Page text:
By Grace Soong, The China Post
In the wake of the buzz regarding laser eye surgeries, the Department of Health (DOH) recently issued an official document to the Ophthalmological Society of Taiwan (眼科醫學會), requesting physicians to properly convey the potential side effects to potential patients prior to conducting surgeries.
Shih Chung-Liang (石崇良), director of the DOH’s Bureau of Medical Affairs (醫事處), validated the request and said that the ophthalmological society would soon convene experts to discussion the topic. “It is not that serious,” Shih said, pointing out that not one country around the globe had banned the conduction of laser eye surgeries; the surgery is really not as risky as people presume. It is necessary, however, that ophthalmologists evaluate patients’ conditions and fully inform them of the pros and cons, as well as potential side effects, of the surgical procedure, and leave the decision of whether to undergo surgery up to the patients, he said. Although the DOH had not set a specific deadline, the Ophthalmological Society said it would soon gather experts to sort out the controversial topics of surgical side effects and ineffective communication with patients, etc. According to Shih, stringent pre-operative examination and regular follow-ups are crucial for those who undergo laser eye surgeries. There exist countless other surgical procedures that pose higher risks than the laser eye surgery, so those considering undergoing the operation need not panic, he said. If any scientific literature or clinical reports indicate that the surgical procedure could leave patients with serous side effects, however, the society would again convene to further regulate the procedure, Shih promised. Case Study: Dry Eyes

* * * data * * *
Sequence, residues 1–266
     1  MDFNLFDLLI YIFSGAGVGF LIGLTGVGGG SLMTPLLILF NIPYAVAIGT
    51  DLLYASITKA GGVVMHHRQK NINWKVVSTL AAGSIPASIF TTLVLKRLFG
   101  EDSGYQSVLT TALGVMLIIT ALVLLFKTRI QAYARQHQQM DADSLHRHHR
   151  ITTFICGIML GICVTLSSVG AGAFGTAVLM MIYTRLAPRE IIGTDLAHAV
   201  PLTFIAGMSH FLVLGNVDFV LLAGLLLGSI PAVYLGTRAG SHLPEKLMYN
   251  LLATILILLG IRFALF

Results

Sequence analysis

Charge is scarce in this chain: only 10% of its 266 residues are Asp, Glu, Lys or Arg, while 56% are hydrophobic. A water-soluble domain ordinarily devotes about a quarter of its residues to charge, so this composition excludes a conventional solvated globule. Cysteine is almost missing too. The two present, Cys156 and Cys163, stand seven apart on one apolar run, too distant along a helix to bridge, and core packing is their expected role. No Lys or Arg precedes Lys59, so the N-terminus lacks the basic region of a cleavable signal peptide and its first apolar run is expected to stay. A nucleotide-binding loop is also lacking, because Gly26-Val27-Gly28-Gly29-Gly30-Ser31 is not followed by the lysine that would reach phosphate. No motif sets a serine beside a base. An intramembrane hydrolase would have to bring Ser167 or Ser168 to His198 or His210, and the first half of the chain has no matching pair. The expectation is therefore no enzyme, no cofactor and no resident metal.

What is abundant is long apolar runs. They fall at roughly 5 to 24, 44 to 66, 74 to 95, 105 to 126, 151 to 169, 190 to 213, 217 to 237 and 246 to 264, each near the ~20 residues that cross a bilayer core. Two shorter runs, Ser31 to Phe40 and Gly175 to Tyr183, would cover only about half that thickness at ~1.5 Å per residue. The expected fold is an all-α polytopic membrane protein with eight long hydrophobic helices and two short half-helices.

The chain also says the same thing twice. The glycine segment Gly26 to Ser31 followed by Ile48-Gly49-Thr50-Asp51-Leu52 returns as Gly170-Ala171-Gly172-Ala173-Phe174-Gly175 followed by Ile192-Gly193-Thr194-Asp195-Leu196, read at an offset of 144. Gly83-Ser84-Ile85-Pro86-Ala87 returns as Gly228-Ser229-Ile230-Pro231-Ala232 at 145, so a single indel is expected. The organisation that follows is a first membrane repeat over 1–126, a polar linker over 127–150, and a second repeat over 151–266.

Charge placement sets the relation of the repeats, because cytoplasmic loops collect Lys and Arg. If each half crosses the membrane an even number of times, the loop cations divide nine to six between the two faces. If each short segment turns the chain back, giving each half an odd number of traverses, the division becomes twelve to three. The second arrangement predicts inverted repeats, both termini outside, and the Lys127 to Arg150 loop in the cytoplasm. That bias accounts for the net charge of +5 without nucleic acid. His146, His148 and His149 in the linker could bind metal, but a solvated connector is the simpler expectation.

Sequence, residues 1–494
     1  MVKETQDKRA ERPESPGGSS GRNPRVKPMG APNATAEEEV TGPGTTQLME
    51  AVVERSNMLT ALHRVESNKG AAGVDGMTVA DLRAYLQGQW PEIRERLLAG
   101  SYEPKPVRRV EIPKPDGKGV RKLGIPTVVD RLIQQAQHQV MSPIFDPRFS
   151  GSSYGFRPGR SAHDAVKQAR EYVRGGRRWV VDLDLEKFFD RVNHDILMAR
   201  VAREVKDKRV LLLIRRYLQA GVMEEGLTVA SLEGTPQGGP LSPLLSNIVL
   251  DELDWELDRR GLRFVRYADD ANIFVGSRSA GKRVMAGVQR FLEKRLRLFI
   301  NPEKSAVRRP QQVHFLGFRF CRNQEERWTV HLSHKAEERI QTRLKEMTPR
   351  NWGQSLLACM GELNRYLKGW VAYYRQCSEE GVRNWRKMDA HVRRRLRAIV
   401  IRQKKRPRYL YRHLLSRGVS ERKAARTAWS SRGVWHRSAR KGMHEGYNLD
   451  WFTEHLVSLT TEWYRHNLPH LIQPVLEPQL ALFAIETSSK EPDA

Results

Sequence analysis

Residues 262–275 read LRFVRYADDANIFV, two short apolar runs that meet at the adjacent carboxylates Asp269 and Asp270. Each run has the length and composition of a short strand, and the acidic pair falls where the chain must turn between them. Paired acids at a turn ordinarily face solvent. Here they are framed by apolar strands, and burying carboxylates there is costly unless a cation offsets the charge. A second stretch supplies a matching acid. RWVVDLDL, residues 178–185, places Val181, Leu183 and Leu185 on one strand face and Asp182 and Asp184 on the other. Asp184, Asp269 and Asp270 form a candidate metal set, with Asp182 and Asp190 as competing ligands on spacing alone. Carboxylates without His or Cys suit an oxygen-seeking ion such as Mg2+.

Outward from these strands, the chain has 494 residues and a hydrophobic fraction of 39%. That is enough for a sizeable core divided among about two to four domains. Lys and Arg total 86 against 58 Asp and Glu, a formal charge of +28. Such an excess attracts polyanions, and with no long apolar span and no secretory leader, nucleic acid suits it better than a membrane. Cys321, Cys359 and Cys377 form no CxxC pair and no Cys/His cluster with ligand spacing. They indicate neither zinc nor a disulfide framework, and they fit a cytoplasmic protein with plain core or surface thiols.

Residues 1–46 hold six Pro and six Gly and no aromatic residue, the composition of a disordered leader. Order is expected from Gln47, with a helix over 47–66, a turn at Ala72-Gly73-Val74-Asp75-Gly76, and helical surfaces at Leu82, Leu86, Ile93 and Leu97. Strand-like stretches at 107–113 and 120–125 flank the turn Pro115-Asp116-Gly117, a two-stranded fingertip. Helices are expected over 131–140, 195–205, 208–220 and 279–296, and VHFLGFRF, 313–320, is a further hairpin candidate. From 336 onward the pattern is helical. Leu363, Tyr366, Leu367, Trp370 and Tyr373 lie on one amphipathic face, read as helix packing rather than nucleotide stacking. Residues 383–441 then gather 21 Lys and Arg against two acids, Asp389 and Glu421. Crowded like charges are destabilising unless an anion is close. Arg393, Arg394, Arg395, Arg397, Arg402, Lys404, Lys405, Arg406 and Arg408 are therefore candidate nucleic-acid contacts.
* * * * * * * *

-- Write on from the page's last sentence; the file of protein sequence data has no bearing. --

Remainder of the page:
It could be that only few patients who had undergone laser eye surgeries need to deal with serious side effects, but those few dearly dread having done it. A 39-year-old man surnamed Chen said he reported to the ophthalmologist’s one month after the surgery, eyes dry and concerned-he never used to have dry eyes. The doctor waved his apprehension away, telling him that it would return to normal in a few months’ time. The surgery was conducted five years ago, but Chen had never gotten used to the dryness in his eyes. When he returned for further checkups one year after the surgery, the ophthalmologist handed him a thing of eye-drop and said his dry eyes were incurable. His glasses were the first thing he looked for in the morning prior to undergoing the surgery; now he looks for eye drops instead.